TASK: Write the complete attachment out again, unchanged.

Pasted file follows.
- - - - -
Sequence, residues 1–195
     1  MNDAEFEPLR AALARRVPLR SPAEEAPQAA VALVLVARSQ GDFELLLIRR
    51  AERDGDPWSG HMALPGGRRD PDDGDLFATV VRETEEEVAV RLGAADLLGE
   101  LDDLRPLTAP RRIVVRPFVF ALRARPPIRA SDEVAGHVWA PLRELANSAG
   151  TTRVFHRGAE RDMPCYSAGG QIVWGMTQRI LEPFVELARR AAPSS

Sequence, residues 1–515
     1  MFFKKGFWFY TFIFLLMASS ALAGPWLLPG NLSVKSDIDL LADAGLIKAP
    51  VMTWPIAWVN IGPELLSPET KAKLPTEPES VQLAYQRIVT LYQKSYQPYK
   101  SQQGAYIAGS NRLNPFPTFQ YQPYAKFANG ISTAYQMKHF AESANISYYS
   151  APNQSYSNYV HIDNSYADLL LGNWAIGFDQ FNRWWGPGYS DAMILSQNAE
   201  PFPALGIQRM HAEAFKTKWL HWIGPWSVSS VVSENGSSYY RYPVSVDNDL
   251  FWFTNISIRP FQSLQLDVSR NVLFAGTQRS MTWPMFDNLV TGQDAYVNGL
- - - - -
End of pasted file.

Sequence, residues 1–195
     1  MNDAEFEPLR AALARRVPLR SPAEEAPQAA VALVLVARSQ GDFELLLIRR
    51  AERDGDPWSG HMALPGGRRD PDDGDLFATV VRETEEEVAV RLGAADLLGE
   101  LDDLRPLTAP RRIVVRPFVF ALRARPPIRA SDEVAGHVWA PLRELANSAG
   151  TTRVFHRGAE RDMPCYSAGG QIVWGMTQRI LEPFVELARR AAPSS

Sequence, residues 1–515
     1  MFFKKGFWFY TFIFLLMASS ALAGPWLLPG NLSVKSDIDL LADAGLIKAP
    51  VMTWPIAWVN IGPELLSPET KAKLPTEPES VQLAYQRIVT LYQKSYQPYK
   101  SQQGAYIAGS NRLNPFPTFQ YQPYAKFANG ISTAYQMKHF AESANISYYS
   151  APNQSYSNYV HIDNSYADLL LGNWAIGFDQ FNRWWGPGYS DAMILSQNAE
   201  PFPALGIQRM HAEAFKTKWL HWIGPWSVSS VVSENGSSYY RYPVSVDNDL
   251  FWFTNISIRP FQSLQLDVSR NVLFAGTQRS MTWPMFDNLV TGQDAYVNGL